Ford Automotive

I think I'll pass on Ford's new mobility app


By Dom Burch, managing director

January 12, 2016 | 4 min read

The smallest things make my engine over heat. I know they shouldn't, but there you go.


Ford has decided it needs to make more money. At least that's my reading of the announcement yesterday in Detroit.

As reported in The Drum, the motor company plans to launch a new mobility app called Ford Pass.

The “Ford Smart Mobility” programme will take the company to the next level in mobility, connectivity and analytics, apparently.

Reading between the lines of its announcement, it becomes clear what's really going on here.

"Great companies have better relationships with their customers and also better revenues and stock prices... We want to revolutionise the customer experience in the automotive industry," said Ford chief executive Mark Fields at the Detroit motor show.

In other words, selling a lump of metal with wheels on is no longer where the money is these days.

According to Forbes, FordPass, which is open for membership for non-Ford vehicle owners as well (phew!), aims to do for car owners what iTunes did for music lovers.

Really? What does that even mean?

Being able to get a discount at McDonald's or 7-Eleven, opening the car door with the Ford app, or checking oil levels are all well and good. But when I was able to digitise my entire CD collection over night onto my iPod, that was not only revolutionary, but it was also hugely convenient and pretty cool to boot.

It all reminds me a bit of when BP decided it was going to refer to itself as Beyond Petroleum. It spelled disaster, literally for them, after they spilled millions of barrels of crude across the Gulf of Mexico.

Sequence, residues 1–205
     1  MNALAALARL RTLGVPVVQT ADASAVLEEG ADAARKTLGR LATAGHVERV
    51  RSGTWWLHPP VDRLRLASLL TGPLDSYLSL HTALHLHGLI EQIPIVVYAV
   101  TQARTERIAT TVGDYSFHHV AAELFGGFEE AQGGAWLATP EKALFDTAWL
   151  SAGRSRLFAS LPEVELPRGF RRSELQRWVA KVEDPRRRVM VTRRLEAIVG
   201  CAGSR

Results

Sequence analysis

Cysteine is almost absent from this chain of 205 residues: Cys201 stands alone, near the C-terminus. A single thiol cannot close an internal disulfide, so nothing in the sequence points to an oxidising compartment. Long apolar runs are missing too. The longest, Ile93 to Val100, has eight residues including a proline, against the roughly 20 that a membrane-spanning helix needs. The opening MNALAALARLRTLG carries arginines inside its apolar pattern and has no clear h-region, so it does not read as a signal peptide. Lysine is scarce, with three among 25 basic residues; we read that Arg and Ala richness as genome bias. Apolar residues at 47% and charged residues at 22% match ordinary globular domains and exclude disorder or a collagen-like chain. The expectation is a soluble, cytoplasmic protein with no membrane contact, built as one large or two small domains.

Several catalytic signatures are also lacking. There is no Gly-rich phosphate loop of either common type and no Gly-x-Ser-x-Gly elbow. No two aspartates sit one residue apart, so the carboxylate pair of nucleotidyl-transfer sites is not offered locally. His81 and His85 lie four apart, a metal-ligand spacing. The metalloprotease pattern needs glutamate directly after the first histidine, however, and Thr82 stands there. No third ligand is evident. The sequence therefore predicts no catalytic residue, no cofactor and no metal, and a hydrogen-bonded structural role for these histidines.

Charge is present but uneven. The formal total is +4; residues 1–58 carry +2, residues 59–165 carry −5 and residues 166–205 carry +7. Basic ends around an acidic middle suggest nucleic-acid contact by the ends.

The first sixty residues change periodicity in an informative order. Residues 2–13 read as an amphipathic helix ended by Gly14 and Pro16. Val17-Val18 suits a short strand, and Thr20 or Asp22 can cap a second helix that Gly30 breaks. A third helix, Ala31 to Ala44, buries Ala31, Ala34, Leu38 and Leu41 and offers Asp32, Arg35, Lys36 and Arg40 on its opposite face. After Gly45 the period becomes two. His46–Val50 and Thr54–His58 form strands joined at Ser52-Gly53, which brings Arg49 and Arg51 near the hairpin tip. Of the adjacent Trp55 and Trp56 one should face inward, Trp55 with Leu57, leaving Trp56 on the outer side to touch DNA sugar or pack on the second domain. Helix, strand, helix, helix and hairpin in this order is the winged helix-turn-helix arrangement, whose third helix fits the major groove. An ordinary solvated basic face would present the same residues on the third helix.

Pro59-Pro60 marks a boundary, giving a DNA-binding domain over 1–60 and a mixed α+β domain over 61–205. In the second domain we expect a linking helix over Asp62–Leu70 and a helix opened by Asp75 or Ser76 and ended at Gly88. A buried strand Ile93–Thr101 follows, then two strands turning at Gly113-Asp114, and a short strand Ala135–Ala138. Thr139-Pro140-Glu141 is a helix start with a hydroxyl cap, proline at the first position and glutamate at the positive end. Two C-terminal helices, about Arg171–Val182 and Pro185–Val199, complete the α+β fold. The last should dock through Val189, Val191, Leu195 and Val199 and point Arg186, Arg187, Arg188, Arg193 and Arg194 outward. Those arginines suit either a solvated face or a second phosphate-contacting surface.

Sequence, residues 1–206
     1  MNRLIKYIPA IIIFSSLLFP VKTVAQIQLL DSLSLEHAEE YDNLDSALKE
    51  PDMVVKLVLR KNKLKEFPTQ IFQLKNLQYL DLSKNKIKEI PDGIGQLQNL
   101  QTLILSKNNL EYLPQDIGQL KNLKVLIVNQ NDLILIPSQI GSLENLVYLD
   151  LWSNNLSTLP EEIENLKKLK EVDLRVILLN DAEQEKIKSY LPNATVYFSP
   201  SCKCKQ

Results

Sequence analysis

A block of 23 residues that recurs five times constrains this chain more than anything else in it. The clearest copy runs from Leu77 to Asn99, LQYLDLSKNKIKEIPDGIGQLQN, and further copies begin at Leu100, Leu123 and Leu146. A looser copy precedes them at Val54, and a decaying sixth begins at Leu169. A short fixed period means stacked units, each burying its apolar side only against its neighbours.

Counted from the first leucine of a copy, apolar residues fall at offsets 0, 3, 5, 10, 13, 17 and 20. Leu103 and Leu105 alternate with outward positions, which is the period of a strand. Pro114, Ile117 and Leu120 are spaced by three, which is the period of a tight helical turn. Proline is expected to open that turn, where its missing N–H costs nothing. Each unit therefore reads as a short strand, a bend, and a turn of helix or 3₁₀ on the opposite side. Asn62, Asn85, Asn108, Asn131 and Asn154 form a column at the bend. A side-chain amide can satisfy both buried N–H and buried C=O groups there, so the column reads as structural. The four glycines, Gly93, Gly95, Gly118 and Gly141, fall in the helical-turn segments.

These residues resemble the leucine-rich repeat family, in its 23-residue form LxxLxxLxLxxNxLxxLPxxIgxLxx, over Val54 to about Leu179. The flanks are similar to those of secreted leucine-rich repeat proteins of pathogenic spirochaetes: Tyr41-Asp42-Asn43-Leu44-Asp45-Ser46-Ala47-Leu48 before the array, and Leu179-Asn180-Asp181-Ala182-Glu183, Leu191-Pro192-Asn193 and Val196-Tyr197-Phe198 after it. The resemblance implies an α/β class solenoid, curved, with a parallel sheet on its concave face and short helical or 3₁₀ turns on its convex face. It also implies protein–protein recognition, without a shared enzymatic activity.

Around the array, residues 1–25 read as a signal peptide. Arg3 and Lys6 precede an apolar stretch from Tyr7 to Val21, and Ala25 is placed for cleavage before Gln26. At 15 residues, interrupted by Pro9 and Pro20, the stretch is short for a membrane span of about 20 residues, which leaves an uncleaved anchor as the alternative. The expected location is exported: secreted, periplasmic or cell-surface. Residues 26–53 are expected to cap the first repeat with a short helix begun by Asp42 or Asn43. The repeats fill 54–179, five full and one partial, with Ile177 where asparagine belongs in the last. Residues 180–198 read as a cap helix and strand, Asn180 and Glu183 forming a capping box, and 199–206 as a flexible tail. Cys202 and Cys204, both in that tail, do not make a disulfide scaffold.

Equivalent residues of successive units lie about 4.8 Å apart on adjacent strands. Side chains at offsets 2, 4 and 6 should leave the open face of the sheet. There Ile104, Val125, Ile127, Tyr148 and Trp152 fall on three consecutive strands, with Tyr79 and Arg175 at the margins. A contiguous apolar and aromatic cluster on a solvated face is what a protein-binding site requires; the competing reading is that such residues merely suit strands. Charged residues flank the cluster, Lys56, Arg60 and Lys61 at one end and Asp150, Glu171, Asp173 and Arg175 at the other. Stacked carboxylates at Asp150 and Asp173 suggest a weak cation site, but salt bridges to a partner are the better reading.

Stating your desire as a brand to be something is an awful long way from actually reaching that stated destination, hence anyone taking you seriously.

I still want to be a pop star and I quite like the idea of coming on for Reading to score the winning goal in the next round of the FA Cup. It ain't gonna happen Dominic, get over it.

As far as I can gather Ford hopes to increase its European market share to 6 per cent by 2020.

So by those calculations even if you convinced yourself for a minute that all of its own customers jumped on board, you're still only talking about a fraction of all drivers, roughly one in twenty cars on the road.

The idea that non Ford drivers will want a Ford Mobility app too just doesn't make any sense.

Mashable's interpretation is far more kind, and perhaps more insightful than mine, stating that Ford's FordPass app is the beginning of the end of car ownership.

Nick Jaynes encourages us to "look at it in the context of the bigger picture".

He adds: "This is the first step of Ford moving itself from the role of simply selling you a car and into a brand new position: becoming the helpful, insightful brand that helps you get where you want to go, whether it's behind the wheel of a Ford or on public transport."

I accept more and more people are waking up and realising that paying £30-40k for a shiny vehicle that spends 80 per cent of its life sat completely stationary outside your house is daft.

Therefore Ford, and every other car manufacturer, is likely to sell far fewer cars in the future.

It need more income streams, no doubt, I'm just not convinced Ford's mobility app will get past first gear.

Follow Dom on Twitter @domburch

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